How can one mitigate both DOS attacks and online brute force attacks at the same time?

I was recently reading this question, where the accepted answer claims that it is easy for attackers to bypass rate limiting that is based on IP, which makes any sort of IP rate limiting to prevent a brute force attack much less useful. But, if it is based on the account that is a victim, then it becomes very easy for an attacker to block access to a victim’s account. What is the best way to defend against both DOS attacks and online brute force attacks (and anything else that is in this same category)?

Simply sleeping for, for example, 1 second isn’t sufficient because the attacker can simply put in more requests before the first one finishes (1 second latency, but unbounded throughput, and throughput is what matters for brute force). If subsequent requests are blocked until the first one finishes, then they must be blocked per-IP or per-user, which produces the same problem.

2FA isn’t always a good solution either, because, for worse, many people fail to use it.

using gpg how can I force the passphrase to be enterered for every decript [duplicate]

I have encrypted a file and sent to another vm. Decripted the file and all was fine. Closed the shell, reopened and attempted to decrypt the same file. This time it didn’t ask for the passphrase but simply showed the decrypted text.

My question is If I wanted to force the passphrase to be entered upon every decrypt, ( in case someone got into my machine / user ), how could I ensure that the phrase would need to be entered everytime?

Clearly I am missing an in depth understanding of what is happening here.

Name of ‘smart brute force’ attack against sequential cipher lock [duplicate]

I remember learning about an attack against sequential cipher locks – ones that don’t have a ‘reset’ or ‘enter’, you just enter digits and as soon as the last n consecutive entries match, the lock opens. So, if the code is ‘1234’, the sequence ‘32431234’ will work just fine.

The attack depends on a specific sequence that appends such digits that the resulting ‘tail’ of the string is as new as possible.

Let’s take for example a 3-digit binary lock. The possible codes are 000, 001, 010, 011, 100, 101, 110, 111. To try all 8 codes in standard brute force attack, you’d enter 24 digits total.

But instead, entering sequence 0001110100, 10 digits total, you cover all combinations and unlock the lock – generating sequences: 000, 001, 011, 111, 110, 101, 010, 100, each new digit past first 2 generating a new code.

For the good of me, I can’t recall the name of the sequence used for this sort of attack.

Does it matter if a brute force search for a password returns a collision and not the password?

Assume the following very basic hashing algorithm.

h(k) = k mod 17

Let’s say we create a password 12345 for a website that uses this very basic hashing algorithm. That would yield the hash of 3.

Say a brute force attacker comes by and starts guessing numbers starting at 1 they would only have to get to 3 before they got a hash collision and obviously 3 is not the original password.

Is the problem that the password hashing space (0-16) is much smaller than the space of the allowed password, or is there something else I’m overlooking?

Using Patator Brute Force module how can I get the output to show only on success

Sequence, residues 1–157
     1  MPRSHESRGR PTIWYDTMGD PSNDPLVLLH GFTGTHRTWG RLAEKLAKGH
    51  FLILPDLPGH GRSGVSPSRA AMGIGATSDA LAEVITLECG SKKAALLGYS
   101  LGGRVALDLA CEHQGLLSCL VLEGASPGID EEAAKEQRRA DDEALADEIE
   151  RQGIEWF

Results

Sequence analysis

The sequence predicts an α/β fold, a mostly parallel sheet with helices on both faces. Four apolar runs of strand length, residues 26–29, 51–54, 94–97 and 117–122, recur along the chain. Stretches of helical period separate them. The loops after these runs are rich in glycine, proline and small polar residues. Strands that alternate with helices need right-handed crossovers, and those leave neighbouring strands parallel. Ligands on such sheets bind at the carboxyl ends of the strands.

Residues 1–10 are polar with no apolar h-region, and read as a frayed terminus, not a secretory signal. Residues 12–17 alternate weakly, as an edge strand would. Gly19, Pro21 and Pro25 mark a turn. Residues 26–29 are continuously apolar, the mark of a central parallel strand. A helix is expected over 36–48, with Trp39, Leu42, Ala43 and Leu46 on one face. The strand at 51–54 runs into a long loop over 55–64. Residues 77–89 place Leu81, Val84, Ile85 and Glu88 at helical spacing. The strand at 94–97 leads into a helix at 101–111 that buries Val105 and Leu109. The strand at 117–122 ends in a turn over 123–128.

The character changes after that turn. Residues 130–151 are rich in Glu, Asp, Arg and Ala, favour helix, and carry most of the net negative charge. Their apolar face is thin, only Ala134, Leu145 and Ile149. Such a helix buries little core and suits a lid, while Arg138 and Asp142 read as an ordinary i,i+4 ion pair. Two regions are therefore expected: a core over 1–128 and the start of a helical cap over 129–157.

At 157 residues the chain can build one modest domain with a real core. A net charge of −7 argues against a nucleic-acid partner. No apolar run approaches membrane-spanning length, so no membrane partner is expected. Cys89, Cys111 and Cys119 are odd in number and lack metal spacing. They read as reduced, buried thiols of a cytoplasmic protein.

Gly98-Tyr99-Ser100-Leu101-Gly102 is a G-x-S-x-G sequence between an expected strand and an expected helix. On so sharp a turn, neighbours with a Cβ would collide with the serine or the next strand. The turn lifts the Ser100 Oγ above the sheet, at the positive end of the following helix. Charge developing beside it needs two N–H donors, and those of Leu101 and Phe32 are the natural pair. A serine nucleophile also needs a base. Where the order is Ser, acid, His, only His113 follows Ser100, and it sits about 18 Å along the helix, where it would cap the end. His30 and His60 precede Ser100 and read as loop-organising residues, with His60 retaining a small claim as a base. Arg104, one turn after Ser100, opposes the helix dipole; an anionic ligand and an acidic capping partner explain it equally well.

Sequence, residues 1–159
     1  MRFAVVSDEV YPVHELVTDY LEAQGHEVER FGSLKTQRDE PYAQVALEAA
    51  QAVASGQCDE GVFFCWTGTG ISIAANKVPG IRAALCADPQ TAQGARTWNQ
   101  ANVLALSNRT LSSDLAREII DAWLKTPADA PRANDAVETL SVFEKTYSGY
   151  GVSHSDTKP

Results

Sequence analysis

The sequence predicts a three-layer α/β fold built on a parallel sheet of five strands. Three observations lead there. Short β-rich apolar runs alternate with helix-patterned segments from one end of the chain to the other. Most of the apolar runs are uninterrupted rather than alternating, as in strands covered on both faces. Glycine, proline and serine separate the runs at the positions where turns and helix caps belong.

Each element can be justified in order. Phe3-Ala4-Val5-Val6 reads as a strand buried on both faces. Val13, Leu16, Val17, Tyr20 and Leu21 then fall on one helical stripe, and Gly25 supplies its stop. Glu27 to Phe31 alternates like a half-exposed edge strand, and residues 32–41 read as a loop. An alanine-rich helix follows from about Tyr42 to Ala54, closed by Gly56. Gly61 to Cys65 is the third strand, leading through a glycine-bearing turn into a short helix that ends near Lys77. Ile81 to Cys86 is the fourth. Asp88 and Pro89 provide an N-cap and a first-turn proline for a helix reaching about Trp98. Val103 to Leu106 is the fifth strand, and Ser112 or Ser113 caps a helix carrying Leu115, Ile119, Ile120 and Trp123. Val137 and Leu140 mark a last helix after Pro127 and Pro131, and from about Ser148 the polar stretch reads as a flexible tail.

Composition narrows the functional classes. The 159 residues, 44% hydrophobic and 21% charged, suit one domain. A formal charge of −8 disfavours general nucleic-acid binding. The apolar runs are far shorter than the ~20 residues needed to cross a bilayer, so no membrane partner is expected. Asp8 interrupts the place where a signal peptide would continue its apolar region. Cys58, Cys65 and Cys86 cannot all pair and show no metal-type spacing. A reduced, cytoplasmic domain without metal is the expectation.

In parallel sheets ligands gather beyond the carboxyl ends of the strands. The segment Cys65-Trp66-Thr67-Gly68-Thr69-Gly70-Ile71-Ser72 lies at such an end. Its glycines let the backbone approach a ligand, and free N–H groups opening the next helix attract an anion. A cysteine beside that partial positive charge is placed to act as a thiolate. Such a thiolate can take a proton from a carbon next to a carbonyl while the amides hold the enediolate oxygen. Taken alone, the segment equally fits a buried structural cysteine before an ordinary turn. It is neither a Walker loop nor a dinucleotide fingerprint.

I have the following command:

patator ssh_login host=<ip> port=<port> user=<user> password=FILE0 0=<path to pwdlist>  

I would like to output the success result only and not output all lines.

My first attempt was:

patator ssh_login host=<ip> port=<port> user=<user> password=FILE0 0=<path to pwdlist> | grep "INFO - 0"  

but that didn’t work.

Can anyone assist.

Can I force someone into my bag of holding? [duplicate]

I’m playing an artificer, and I have the bag of holding infusion. I was thinking that if I put a whole person in a bag of holding against his or her will, that would be basically an instakill, right?

My DM said that in my infusioned bag of holding nothing living can enter, and if it does, it instantly dies. How do I do that? Just a regular melee attack roll? Do I make an opposed strength check? What if we are just talking and I randomly do that, does that count as a surprise round so I can do it before rolling for initiative?

Bags of holding are 2 feet wide, does a dwarf fit in there? (I want to kill a really bad dwarf mafia boss.)

Excuses for opponents using nonlethal force? [closed]

In plotting out low-level encounters at the start of a campaign (especially with new players) I prefer to create opponents who don’t want to kill the PCs right away. Instead, I generally have them use nonlethal force and capture the PCs if they lose a fight. Then I provide the PCs with a potential out to escape captivity later.

I’m aware that some GMs strongly advocate against capturing PCs on the basis that players hate the feeling of helplessness that capture provides, but I haven’t had bad luck with it in the past, and its useful in generating challenging encounters with much less risk of total party kill, especially at low levels where margins for error are small (I’m talking about D&D 3.5, but this generally holds true of most tactical system RPGs as well).

In the past I’ve used as a pretext for this opposition consisting of slavers (the PCs will bring a fine price if captured alive) and evil cultists (the Blood God demands living sacrifices on the night of the Blood Moon!) But the truth is my imagination could use some fresh input. What other generic reasons can you think of that the opposition would use nonlethal force on the PCs?